Lebanese Army uncovers bomb factory in northern cave
The Lebanese Army discovered a cave in north Lebanon used by militants to make explosives and confiscated books that include lessons on how to make bombs, the military said Saturday.
The Army said that interrogation with Alaa Kanaan and Mahmoud Khaled, two detained terror suspects, lead investigators to the cave in the outskirts of Fnaydeq village in north Lebanon.
Khaled confessed to the presence of a hideout, which he said people used to make bombs for terrorist attacks.
The Army raided the location and discovered a number of bombs, weapons, CDs, phone cards and cell phones, as well as documents and books that include lessons on making bombs.
Earlier this week, Khaled confessed to stashing several rocket-propelled grenades and ammunition underground in his property in Fnaydeq. The Amy then raided the location and confiscated "explosive material, RPGs, in addition to large quantity of metal balls used to make explosive belts."
A raid on Kanaan’s house resulted in the seizure of 42 dynamite sticks, 34 mortar bombs, 14 mortar propellant charges and 36 hand grenade detonators.
Saturday, the military raided a Syrian refugee center as well as other areas where the military had confiscated explosives the day before.
The state-run National News Agency reported that the Army carried out a raid in Fnaydeq and surrounding neighborhoods, as well as the Aziziyeh center which hosts some Syrian refugees.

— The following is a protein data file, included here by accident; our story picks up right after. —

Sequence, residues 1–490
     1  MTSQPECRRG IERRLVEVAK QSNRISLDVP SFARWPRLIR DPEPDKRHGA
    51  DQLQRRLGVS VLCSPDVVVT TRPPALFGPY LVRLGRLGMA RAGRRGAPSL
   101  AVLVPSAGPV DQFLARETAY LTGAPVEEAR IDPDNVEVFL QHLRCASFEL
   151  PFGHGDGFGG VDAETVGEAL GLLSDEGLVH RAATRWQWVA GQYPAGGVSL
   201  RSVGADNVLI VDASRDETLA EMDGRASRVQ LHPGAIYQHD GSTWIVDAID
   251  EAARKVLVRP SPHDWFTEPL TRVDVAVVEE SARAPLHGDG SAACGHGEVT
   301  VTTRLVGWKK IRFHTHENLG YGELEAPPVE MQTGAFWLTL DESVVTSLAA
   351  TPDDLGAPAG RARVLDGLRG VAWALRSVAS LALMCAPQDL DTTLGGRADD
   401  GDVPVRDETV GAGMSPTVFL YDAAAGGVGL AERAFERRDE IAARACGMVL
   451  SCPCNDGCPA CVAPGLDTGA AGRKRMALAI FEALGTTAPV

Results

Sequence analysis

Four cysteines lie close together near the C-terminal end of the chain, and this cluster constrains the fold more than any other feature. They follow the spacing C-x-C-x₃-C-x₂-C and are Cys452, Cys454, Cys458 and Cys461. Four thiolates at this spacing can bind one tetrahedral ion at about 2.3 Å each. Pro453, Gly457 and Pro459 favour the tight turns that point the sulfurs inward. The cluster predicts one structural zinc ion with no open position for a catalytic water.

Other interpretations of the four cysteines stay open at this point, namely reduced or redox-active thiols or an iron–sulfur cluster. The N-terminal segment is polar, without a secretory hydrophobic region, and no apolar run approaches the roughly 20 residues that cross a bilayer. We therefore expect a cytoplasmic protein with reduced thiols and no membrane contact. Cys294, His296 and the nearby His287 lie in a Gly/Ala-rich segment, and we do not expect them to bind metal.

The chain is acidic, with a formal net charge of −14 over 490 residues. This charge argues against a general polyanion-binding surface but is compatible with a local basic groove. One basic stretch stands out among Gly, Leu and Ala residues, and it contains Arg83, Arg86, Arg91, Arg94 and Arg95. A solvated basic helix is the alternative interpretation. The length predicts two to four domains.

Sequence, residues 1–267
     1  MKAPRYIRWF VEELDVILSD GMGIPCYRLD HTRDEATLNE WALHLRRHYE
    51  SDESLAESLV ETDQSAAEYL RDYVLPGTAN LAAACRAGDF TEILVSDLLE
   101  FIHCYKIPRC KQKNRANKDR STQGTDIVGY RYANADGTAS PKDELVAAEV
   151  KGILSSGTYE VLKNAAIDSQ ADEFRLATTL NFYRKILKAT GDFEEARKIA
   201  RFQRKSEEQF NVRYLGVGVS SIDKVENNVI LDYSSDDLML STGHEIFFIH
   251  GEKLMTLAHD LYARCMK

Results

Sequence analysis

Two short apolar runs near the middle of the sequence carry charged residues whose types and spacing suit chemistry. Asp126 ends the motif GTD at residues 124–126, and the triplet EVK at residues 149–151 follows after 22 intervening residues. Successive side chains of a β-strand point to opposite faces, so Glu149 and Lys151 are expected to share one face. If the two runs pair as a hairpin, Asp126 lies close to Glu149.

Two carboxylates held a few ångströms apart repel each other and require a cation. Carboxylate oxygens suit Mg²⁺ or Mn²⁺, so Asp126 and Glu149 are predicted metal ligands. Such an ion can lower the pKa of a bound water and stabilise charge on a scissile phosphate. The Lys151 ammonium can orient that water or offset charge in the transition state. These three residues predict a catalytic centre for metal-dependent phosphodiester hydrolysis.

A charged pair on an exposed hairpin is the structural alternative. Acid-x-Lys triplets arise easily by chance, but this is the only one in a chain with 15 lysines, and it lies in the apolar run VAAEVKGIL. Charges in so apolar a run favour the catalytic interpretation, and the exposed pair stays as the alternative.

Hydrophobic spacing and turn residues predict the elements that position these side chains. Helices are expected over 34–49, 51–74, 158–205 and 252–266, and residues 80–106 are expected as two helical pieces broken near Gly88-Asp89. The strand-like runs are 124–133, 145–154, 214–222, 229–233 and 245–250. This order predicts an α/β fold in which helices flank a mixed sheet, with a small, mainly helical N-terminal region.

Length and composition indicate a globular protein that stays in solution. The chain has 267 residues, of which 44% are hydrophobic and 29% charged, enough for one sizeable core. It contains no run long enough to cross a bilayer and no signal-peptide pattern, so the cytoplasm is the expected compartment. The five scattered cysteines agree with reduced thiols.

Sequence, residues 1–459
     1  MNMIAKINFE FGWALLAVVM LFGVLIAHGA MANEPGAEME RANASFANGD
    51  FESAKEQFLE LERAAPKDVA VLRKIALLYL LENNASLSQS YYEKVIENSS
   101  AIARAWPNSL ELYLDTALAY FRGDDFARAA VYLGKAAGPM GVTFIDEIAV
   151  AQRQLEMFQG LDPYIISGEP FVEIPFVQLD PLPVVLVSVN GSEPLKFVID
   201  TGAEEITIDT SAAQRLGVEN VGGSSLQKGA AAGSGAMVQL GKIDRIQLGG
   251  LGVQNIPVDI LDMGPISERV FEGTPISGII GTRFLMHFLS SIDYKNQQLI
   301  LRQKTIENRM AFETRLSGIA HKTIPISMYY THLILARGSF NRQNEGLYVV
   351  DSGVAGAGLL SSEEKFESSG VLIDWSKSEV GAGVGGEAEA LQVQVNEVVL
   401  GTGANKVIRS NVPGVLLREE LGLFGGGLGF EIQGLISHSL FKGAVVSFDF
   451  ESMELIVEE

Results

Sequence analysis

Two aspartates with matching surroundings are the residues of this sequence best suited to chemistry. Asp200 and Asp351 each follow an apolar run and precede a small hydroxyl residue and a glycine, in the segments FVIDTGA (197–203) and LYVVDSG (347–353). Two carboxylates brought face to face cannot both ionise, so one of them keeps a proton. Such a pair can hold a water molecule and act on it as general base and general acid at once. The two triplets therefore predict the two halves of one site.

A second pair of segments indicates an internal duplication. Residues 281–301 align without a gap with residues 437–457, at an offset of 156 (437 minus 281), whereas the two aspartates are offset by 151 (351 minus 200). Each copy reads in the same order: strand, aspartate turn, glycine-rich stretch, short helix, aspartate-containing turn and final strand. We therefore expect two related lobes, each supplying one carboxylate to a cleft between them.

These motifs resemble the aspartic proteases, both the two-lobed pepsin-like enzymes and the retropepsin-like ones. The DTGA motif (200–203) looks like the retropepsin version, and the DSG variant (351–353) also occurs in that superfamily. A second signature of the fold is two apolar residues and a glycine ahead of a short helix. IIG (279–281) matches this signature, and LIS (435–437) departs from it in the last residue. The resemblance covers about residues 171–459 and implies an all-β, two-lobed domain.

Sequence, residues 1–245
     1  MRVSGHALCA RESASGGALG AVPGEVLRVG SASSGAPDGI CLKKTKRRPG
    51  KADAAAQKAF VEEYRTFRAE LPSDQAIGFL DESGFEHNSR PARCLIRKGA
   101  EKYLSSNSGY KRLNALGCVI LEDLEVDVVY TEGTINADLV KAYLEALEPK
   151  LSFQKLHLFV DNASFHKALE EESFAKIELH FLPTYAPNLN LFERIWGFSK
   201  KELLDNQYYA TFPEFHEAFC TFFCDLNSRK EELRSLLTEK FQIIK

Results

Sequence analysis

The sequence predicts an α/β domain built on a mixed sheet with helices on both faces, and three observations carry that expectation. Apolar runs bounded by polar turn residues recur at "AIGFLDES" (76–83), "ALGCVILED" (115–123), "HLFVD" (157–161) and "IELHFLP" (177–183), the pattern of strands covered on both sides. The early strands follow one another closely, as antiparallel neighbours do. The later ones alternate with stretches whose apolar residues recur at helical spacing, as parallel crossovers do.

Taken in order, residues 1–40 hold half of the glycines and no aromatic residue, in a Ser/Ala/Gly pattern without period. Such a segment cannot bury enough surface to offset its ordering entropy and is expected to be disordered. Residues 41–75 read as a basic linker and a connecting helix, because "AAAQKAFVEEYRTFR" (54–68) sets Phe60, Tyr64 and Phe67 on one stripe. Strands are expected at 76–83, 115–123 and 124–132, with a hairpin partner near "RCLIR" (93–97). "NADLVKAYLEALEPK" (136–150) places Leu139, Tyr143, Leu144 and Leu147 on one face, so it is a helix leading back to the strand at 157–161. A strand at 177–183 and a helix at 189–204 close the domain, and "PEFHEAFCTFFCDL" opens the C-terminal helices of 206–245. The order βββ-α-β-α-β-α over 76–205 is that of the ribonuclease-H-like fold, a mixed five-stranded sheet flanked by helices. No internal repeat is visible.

Soldiers also inspected al-Kafroun and Ain Banat in the northern region.
“Military and security forces are on high alert, searching for suicide bombers and two explosives-laden vehicles,” a security source told The Daily Star Friday.
Three suicide bombings rattled Lebanon in the past week, raising fears of a return to the series of car bombings that have mainly targeted the capital’s southern suburbs. The deadly attacks, that began in July last year and lasted for several months, were linked to the crisis in Syria.
Meanwhile, Hezbollah MP Nawwaf Musawi called on security forces to engage in what he described as a "preemptive crackdown on Takfiri terrorism."
"We urge security forces and the Lebanese Army to adopt a preemptive confrontation with Takfiri terror so that they raid their homes before they come with their car bombs to ours."
"It is necessary to strengthen national consensus among Lebanese political groups because terrorism might take advantage of political disputes to incite sectarian strife and secure a safe haven to destabilize Lebanon."
Musawi also defended his party against allegations that the bombings in the country were in retaliation to Hezbollah's role in Syria, saying: "If we had not faced the Takfiri forces for two years in Syria, we would have been infiltrated by them in Beirut, the Bekaa, the north and the south."
“It is high time some people let go of their pride and admit that the mission Hezbollah carried out to face the Takfiris protected Lebanon from a bloody coup.”